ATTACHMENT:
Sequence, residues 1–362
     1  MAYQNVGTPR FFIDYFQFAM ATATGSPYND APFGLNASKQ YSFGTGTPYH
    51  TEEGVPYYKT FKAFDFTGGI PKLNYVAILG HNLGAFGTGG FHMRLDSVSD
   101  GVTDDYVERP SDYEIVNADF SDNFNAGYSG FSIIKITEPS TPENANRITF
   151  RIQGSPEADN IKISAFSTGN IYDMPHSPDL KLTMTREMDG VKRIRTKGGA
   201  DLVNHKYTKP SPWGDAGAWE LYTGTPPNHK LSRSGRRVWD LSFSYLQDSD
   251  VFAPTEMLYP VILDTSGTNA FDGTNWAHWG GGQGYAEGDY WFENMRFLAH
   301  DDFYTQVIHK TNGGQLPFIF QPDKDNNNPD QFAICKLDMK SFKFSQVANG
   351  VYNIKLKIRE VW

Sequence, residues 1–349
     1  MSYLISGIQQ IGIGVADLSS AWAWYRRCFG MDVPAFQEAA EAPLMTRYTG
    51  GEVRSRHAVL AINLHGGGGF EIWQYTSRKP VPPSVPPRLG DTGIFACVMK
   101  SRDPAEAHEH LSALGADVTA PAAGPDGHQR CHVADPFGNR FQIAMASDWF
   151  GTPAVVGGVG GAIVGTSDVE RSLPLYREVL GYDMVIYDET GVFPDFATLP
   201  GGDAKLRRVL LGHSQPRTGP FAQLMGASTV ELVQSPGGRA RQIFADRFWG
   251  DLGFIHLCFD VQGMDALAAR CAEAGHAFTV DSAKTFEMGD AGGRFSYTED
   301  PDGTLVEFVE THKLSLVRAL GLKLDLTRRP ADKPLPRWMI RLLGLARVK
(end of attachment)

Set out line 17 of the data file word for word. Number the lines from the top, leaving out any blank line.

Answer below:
   301  PDGTLVEFVE THKLSLVRAL GLKLDLTRRP ADKPLPRWMI RLLGLARVK